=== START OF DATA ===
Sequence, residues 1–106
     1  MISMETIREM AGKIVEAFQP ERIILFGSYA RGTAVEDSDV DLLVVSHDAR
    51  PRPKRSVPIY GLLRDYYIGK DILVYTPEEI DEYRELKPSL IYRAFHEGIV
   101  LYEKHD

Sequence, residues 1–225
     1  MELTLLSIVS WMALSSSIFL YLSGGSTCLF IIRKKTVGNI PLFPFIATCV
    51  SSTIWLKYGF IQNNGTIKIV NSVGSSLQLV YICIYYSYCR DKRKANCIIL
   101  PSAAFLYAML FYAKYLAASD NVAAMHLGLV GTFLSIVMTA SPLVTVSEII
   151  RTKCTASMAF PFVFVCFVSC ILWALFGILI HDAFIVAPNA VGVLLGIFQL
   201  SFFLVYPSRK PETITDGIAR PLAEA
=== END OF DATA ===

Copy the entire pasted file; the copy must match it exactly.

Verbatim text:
Sequence, residues 1–106
     1  MISMETIREM AGKIVEAFQP ERIILFGSYA RGTAVEDSDV DLLVVSHDAR
    51  PRPKRSVPIY GLLRDYYIGK DILVYTPEEI DEYRELKPSL IYRAFHEGIV
   101  LYEKHD

Sequence, residues 1–225
     1  MELTLLSIVS WMALSSSIFL YLSGGSTCLF IIRKKTVGNI PLFPFIATCV
    51  SSTIWLKYGF IQNNGTIKIV NSVGSSLQLV YICIYYSYCR DKRKANCIIL
   101  PSAAFLYAML FYAKYLAASD NVAAMHLGLV GTFLSIVMTA SPLVTVSEII
   151  RTKCTASMAF PFVFVCFVSC ILWALFGILI HDAFIVAPNA VGVLLGIFQL
   201  SFFLVYPSRK PETITDGIAR PLAEA